If you have a family history of macular degeneration, or are starting to see early signs of the disease, your best bet is to load up on food sources of vision-friendly nutrients.

The Age-Related Eye Disease Study (AREDS), a research project conducted by the National Eye Institute, has given us some clues about how nutrition might help prevent macular degeneration, or at least delay the progression to blindness. AREDS results showed that certain antioxidant vitamins and zinc helped to slow the progression of advanced macular degeneration by about 25 percent over a six-year period. The antioxidants — vitamins C and E and beta-carotene — are thought to prevent damage caused by free radicals, and the mineral zinc is important for the health of all body tissues but is found in unusually high concentrations in tissues of the retina.

The results of AREDS were so impressive that in the wake of the study’s publication, several supplement manufacturers created special macular-degeneration-fighting formulas. They’re a great treatment option for some, but not everyone is a candidate for these supplements. The supplements don’t appear to be as effective at slowing the progression of macular degeneration from the early to intermediate stage, so most doctors don’t recommend them for people that fall into this group. On top of that, high supplemental doses of antioxidants, especially vitamin E, may pose health risks. Only your eye doctor can determine whether your condition has progressed to a point at which supplements are beneficial. If your condition is still in its early phases, or if you have a family history of macular degeneration but no signs of disease, your best bet is to load up on food sources of vision-friendly nutrients by following my plan.


A study led by researchers from Erasmus Medical Center in Rotterdam, the Netherlands, followed a group of more than 4,000 people to see how diet affected the risk of developing macular degeneration. After eight years, the scientists compared the diets of people who developed the condition with the diets of those who did not. The results were encouraging: People who ate a diet rich in vitamins C and E, beta-carotene, and zinc had a 35 percent reduced risk of developing macular degeneration compared with people who ate an average diet. And those who ate worse-than-normal diets, with low levels of those nutrients, actually had a 20 percent increased risk of disease. A 2009 study by Tufts University researchers confirmed the links between diets rich in C, E, and zinc (plus lutein and zeaxanthin) and decreased risk of macular degeneration. The Tufts study, however, failed to show any benefit from beta-carotene (that said, I figure it’s best to include extra beta-carotene-rich foods in your diet until we know more). I highly recommend that those with a family history of macular degeneration follow the food plan for high-antioxidant, high-zinc foods to reduce their risk. For an easy way to get a large dose of all the nutrients, try one of my Smooth-SEE recipes.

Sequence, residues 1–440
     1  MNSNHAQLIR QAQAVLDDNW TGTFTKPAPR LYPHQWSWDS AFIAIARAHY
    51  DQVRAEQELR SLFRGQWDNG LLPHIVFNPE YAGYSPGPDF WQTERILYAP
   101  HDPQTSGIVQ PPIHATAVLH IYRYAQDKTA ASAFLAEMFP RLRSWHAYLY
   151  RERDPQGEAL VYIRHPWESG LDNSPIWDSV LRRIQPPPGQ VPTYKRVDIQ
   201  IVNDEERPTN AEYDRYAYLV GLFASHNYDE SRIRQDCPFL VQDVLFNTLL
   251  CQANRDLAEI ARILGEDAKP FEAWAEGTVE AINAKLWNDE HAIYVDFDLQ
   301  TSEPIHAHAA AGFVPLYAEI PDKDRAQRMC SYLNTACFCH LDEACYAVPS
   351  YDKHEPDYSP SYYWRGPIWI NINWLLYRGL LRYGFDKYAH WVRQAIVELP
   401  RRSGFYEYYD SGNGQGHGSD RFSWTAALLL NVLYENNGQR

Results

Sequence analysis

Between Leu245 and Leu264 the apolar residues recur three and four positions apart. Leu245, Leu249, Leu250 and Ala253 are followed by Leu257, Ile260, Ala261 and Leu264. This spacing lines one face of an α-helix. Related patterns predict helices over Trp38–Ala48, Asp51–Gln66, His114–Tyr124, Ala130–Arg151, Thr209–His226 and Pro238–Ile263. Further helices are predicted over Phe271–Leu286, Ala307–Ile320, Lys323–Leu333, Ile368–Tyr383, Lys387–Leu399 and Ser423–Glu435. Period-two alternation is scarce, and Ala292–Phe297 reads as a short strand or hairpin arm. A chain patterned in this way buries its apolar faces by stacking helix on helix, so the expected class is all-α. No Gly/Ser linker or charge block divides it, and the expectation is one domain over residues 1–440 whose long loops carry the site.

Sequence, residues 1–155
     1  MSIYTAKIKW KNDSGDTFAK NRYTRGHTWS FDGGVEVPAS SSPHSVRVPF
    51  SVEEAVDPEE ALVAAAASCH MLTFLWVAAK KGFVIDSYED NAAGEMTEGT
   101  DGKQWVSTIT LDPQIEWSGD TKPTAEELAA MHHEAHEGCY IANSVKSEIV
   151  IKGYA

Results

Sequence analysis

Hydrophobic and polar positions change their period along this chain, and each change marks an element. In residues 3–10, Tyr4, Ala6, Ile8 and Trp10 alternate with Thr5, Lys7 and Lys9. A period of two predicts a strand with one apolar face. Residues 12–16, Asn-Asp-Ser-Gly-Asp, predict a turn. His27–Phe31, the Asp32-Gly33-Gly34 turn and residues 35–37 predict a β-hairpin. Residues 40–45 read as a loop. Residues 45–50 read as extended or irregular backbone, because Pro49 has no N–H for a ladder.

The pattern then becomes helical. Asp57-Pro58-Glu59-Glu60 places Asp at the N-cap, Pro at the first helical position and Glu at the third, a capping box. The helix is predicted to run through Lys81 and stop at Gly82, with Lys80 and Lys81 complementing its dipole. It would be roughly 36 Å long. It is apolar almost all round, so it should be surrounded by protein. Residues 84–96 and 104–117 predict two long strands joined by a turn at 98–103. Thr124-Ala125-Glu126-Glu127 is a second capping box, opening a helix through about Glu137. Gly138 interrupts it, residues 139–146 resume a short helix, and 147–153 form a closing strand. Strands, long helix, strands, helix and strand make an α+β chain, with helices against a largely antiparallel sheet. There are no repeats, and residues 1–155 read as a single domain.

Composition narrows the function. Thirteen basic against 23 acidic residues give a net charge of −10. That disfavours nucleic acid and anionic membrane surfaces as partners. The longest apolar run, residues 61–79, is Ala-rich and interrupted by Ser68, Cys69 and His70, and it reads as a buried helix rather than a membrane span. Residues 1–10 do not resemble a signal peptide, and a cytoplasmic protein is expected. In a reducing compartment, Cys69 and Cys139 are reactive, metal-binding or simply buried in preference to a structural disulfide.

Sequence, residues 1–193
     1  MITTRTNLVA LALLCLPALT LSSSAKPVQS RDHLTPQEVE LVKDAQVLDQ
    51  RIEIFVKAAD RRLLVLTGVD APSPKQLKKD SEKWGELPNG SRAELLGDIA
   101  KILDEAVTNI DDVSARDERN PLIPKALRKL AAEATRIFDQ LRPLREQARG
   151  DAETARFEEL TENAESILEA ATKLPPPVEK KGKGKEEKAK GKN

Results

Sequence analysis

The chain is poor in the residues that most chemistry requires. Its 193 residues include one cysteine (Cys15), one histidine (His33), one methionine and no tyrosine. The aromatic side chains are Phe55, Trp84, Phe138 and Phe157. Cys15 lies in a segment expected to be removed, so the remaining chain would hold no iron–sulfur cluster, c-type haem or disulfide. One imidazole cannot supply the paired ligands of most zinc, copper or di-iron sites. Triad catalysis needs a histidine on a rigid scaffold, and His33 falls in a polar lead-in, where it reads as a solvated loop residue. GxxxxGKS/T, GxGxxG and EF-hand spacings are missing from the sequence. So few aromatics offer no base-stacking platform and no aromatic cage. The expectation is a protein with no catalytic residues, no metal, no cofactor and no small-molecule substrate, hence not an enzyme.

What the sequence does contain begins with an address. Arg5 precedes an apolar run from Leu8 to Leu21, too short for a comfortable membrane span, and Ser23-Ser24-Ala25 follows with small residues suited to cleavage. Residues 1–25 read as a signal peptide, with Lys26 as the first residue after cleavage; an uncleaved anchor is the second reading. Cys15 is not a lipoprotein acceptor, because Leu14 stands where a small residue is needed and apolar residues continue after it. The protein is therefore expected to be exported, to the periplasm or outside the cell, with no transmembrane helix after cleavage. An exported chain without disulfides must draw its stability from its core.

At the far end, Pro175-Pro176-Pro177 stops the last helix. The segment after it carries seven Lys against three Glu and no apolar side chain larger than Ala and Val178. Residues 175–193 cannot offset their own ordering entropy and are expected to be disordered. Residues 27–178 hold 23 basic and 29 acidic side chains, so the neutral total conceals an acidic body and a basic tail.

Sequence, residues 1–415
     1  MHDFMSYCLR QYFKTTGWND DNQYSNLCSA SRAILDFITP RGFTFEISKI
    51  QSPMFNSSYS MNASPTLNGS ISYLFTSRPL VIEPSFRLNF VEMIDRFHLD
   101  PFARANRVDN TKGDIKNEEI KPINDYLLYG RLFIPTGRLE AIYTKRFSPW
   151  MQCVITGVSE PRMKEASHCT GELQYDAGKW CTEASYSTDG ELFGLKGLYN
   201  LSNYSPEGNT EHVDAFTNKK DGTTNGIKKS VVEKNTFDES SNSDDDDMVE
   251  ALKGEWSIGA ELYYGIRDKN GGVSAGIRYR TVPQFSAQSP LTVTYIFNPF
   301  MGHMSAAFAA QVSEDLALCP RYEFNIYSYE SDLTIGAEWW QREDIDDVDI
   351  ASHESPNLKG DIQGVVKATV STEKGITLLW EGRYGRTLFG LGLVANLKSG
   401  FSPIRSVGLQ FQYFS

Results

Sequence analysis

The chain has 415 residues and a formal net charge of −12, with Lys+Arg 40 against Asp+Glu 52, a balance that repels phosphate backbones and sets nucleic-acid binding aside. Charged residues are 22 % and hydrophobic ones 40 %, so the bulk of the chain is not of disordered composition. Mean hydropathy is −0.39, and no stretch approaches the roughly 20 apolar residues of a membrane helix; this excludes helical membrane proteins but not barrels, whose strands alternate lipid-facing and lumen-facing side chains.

BEST FOODS FOR VITAMIN C: Guava, bell peppers (all colors), oranges and orange juice, grapefruit and grapefruit juice, strawberries, pineapple, kohlrabi, papaya, lemons and lemon juice, broccoli, kale, brussels sprouts, kidney beans, kiwi, cantaloupe, cauliflower, cabbage (all varieties), mangoes, white potatoes, mustard greens, tomatoes, sugar snap peas, snow peas, clementines, rutabagas, turnip greens, raspberries, blackberries, watermelon, tangerines, okra, lychees, summer squash, persimmons